In today’s “life isn’t fair” bulletin, a study from the National Bureau of Economic Research found that the most popular kids from high school earned more 40 years later than the least popular.
The Wall Street Journal reports that technically, it’s people who were in the “top fifth of the popularity pyramid” (presumably determined by a calculation involving cafeteria tables, amount of honors classes taken and Friday night plans) making 10% more than those from the “bottom fifth.”
But in all seriousness–fine, some seriousness–researchers measured popularity using a survey of student connections to determine “who is actually popular, rather than who perceives themselves to be so,” writes The Journal. (Burn.)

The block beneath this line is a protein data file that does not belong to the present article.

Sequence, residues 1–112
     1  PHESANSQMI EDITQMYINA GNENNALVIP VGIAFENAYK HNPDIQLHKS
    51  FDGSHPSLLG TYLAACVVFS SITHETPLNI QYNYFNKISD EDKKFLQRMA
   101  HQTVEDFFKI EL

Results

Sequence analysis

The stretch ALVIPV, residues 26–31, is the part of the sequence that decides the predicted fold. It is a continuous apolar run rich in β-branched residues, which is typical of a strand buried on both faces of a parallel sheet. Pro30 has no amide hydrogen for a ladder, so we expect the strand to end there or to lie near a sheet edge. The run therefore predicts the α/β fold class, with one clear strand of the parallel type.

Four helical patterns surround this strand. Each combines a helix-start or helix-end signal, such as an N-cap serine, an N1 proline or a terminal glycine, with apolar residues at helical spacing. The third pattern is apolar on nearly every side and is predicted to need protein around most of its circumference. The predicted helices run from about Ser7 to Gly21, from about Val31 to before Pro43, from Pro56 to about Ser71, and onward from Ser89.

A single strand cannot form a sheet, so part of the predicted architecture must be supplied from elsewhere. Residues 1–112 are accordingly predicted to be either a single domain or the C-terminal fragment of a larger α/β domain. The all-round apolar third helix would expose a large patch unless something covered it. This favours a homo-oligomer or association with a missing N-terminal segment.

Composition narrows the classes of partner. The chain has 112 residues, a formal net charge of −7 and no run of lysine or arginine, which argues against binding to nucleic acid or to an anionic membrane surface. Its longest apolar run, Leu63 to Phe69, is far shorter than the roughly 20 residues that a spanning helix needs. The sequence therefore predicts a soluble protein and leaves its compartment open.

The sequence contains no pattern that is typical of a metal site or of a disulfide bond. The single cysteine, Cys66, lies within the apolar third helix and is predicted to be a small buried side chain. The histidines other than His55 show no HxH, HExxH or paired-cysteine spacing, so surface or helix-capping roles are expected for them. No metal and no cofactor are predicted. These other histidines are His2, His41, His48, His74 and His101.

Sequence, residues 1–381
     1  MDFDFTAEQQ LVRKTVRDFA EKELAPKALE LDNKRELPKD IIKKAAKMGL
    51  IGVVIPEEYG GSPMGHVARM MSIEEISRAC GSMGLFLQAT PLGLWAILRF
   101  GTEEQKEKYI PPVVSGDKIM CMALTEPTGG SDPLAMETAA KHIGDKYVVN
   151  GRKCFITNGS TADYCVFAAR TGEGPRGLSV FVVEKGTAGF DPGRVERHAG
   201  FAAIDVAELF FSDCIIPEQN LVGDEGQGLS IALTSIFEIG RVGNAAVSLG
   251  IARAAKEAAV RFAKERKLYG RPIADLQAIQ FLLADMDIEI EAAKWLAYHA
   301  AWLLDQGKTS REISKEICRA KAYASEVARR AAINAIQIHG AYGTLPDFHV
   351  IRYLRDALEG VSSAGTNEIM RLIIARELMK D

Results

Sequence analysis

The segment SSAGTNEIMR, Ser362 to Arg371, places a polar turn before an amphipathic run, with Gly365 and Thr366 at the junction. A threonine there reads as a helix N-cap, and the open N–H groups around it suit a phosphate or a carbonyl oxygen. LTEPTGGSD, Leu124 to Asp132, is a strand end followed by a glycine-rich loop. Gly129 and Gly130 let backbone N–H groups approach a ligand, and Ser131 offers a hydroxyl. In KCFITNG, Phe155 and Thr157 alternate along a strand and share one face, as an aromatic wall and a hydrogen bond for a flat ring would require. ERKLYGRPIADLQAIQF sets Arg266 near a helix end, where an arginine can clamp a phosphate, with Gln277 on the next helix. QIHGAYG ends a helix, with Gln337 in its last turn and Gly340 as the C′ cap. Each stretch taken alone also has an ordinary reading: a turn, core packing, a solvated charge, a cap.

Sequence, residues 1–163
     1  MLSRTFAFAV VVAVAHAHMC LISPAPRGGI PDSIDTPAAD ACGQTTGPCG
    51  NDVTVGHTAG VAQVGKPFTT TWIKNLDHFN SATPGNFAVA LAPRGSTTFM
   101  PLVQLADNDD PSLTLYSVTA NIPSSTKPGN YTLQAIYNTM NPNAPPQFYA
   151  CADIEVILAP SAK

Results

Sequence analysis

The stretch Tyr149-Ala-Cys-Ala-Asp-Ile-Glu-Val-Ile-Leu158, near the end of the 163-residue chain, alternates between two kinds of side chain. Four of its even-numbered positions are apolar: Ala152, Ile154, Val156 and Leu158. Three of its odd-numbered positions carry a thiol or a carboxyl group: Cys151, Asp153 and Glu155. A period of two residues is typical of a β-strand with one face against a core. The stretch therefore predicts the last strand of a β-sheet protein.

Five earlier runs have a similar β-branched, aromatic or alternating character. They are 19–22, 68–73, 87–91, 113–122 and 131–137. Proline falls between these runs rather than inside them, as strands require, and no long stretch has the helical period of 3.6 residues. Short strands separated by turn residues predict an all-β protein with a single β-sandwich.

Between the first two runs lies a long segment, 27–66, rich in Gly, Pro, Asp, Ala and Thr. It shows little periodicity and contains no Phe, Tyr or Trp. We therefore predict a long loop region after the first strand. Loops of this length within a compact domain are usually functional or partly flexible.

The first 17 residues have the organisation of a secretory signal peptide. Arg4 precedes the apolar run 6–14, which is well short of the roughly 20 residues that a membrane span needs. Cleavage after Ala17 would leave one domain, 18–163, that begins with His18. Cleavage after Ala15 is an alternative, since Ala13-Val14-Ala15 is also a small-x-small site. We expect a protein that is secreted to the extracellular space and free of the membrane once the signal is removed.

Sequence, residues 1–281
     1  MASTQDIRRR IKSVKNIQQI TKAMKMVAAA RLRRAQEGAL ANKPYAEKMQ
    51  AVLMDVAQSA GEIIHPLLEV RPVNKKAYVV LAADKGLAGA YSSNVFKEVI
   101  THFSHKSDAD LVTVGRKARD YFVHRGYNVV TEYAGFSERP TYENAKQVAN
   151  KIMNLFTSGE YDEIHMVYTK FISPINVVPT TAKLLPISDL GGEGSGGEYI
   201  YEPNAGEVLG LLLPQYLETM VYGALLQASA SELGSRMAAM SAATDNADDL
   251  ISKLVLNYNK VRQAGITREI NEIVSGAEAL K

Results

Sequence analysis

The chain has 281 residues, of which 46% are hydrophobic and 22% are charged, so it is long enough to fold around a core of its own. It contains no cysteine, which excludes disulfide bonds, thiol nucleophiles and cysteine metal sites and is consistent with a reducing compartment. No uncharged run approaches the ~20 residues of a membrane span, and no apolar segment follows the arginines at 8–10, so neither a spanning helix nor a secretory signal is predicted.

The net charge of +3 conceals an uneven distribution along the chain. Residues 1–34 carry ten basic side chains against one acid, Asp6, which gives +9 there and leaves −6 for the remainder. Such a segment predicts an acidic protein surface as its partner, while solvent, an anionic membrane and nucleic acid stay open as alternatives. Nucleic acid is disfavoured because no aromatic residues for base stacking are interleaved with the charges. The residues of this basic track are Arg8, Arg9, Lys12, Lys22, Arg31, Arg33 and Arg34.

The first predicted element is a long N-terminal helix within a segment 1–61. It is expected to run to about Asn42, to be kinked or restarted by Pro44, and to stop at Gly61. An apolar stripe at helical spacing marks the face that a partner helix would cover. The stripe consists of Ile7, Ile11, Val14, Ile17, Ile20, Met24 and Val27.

Turns out that high school popularity isn’t exactly serendipitous. Instead, it’s due to a combination of things like “a warm early family environment,” associating with a like-minded crowd and being “relatively older and smarter.” Being wealthier also plays a minor role.
The researchers assign weight to high school popularity not just because it means you’ll have a date to Homecoming, but because high school is a transitional period when teenagers are moving away from authority figures and looking to each other for guidance. They say that social skills emerging in high school are the foundations of those that will lead to success in adult life, and go so far as to recommend that high schools should expand their curriculum beyond academics to include social skills.
“Policies that focus on promoting integration in schools and on developing social competencies may be a fruitful way of promoting success in life,” they write in their study.